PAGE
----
The 19th Amendment that gave women the right to vote was ratified 1920, yet today, almost 100 years later, women still face injustice in America. The House on Mango Street is a year in the life of Esperanza, a 12-year old Chicana (Mexican-American girl) and one of these such young women. It features her journey into adulthood and the discrimination and injustice she faces in order to become an independent woman. Cisneros uses a range of motifs to comment on this discrimination and imprisonment of women in The House on Mango Street.
In Cisneros’s view, women who grow up facing this injustice, like Rafaela, Mamacita, and Esperanza, must become stronger and stand up against the discrimination and imprisonment that all women face in our society today.
Rafaela, another resident of Mango Street, illustrates how women are imprisoned discriminated, as she is practically owned by her husband, and is imprisoned inside her house, like a beautiful caged bird. As Esperanza explains, “On Tuesdays Rafaela’s husband comes home late…And then Rafaela, who is still young but getting old from leaning out the window so much, gets locked indoors because her husband is afraid Rafaela will run away since she is too beautiful to look at” (78).
“She has no rights, no real choices of her own. Rafaela only “leans out the window and leans on her elbow and dreams” (79). Raffaela wants to go and see the world, to dance in the bars and really enjoy life, but instead, she is locked inside her house because she is too beautiful.
In the same way, Mamasita feels imprisoned in her house because she doesn’t speak English and feels like an outsider in America; she refuses to assimilate, as all she wants to do is go home to Mexico. This shows how women must stand up against the discrimination and imprisonment they face in a world made for the minds of men.
Esperanza herself is another vivid example of women growing up, facing injustice, and becoming stronger. Esperanza faces many forms of discrimination growing up, from Cathy, whose family is racist against Hispanics, to injustice based on her gender, like when she is assaulted and raped. Nevertheless, Esperanza overcomes these challenges, becoming a stronger woman than her ancestors ever were. Through this coming-of-age journey, Esperanza grows stronger, as she pledges one day “I have begun my own quiet war…I am the one who leaves the table like a man, without putting back the chair or picking up the plate” (89). Another example of discrimination is Alicia, whose mother died and is now responsible for caring for the house and children, even though she is currently busy with University. Young, smart Alicia is even more determined to graduate despite being expected to take over all the “feminine” duties; she doesn’t want to spend her life making tortillas. The culture on Mango Street defines these young women’s lives, as women are normally not allowed to have freedom, independence, or professional jobs, in extreme cases leading to the sexual abuse that Esperanza suffered. These powerful experiences that Esperanza and Alicia faced on Mango Street help them become stronger, and even more determined to escape to a better town.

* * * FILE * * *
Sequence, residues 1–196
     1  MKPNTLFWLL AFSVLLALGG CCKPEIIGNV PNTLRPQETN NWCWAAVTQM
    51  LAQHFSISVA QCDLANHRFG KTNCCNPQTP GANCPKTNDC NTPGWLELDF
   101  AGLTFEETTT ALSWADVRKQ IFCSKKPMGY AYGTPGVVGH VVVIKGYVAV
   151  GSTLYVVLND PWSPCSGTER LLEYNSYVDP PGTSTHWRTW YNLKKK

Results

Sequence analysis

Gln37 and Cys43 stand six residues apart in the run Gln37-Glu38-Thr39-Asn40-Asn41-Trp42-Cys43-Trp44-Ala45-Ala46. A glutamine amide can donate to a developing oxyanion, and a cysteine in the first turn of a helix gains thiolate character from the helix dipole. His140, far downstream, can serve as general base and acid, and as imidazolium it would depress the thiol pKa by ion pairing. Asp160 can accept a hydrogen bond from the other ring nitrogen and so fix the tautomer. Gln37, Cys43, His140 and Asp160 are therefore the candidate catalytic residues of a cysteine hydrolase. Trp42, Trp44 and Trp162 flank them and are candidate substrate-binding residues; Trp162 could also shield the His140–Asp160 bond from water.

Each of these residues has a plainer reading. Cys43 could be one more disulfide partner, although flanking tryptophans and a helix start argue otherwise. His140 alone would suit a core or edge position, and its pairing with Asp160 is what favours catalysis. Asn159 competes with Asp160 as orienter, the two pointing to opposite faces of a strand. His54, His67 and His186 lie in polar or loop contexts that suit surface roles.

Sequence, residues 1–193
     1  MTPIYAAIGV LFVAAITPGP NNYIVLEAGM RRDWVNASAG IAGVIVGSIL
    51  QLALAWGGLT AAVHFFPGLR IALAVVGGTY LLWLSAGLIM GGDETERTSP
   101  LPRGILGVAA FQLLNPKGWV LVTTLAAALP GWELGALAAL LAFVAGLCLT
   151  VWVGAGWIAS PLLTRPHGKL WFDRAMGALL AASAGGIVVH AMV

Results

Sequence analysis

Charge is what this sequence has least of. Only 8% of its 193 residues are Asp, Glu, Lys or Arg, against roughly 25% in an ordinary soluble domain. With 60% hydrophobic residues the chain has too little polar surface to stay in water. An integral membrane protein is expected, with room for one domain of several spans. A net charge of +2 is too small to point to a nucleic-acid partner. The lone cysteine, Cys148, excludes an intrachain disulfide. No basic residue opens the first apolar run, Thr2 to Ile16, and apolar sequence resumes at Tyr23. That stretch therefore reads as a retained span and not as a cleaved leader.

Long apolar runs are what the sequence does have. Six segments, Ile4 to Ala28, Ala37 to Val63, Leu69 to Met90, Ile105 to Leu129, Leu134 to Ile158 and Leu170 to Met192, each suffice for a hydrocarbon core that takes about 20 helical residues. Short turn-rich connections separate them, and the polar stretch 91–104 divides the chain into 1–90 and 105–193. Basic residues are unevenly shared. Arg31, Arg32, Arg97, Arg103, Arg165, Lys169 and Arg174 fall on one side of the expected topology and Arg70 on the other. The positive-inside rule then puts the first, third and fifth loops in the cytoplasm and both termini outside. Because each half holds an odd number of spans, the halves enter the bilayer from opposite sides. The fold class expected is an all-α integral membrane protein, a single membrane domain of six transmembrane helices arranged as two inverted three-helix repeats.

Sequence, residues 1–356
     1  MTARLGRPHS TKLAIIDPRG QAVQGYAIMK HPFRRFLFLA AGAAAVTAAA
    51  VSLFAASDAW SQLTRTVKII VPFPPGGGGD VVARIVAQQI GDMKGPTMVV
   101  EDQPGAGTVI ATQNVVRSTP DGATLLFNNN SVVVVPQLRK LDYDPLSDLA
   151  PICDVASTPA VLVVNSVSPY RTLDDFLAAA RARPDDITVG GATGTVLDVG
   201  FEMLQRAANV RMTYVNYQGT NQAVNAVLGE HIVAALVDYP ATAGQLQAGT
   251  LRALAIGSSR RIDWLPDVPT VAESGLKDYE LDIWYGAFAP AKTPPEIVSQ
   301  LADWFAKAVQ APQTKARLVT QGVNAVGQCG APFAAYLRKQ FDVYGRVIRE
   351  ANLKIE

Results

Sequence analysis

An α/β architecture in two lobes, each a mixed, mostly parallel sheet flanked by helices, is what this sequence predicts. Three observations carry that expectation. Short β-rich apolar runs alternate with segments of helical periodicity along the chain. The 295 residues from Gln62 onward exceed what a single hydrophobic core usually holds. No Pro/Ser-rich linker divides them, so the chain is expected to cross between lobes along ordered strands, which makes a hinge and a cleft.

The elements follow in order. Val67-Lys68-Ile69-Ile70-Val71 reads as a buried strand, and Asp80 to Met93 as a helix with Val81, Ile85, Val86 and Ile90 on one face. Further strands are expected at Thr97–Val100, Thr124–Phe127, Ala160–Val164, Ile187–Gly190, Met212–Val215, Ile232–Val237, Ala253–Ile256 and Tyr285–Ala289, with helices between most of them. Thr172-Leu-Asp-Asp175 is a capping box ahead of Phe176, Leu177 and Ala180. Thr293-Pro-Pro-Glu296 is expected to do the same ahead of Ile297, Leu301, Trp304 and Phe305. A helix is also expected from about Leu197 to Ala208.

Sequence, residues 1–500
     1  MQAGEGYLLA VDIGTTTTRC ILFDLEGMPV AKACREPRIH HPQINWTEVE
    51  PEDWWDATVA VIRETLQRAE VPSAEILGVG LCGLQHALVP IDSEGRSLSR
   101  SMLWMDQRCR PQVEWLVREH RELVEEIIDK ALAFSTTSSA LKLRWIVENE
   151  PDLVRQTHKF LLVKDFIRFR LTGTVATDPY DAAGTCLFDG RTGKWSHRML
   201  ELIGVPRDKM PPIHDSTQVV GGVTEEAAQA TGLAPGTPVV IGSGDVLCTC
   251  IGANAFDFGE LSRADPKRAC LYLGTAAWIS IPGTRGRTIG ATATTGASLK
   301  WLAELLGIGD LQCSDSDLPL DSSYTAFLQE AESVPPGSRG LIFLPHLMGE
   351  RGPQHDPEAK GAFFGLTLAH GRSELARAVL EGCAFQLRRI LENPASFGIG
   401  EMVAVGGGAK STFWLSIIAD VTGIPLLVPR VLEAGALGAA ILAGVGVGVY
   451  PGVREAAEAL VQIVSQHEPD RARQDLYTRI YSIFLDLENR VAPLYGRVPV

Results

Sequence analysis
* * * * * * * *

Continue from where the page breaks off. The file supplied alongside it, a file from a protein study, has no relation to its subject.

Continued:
To conclude, Cisneros uses a range of motifs to comment on the discrimination and imprisonment that women face, and how they must stand up for themselves and become stronger. She illustrates this through Rafaela, Mamasita, and Esperanza’s various challenges they face throughout maturity and adulthood. The House on Mango Street shows how women will face various obstacles growing up, but like Esperanza, we must become stronger and overcome these obstacles through hard work, and pure determination. We must all begin our oven quiet war for women all over the globe, and become stronger than ever before in our fight for equality.
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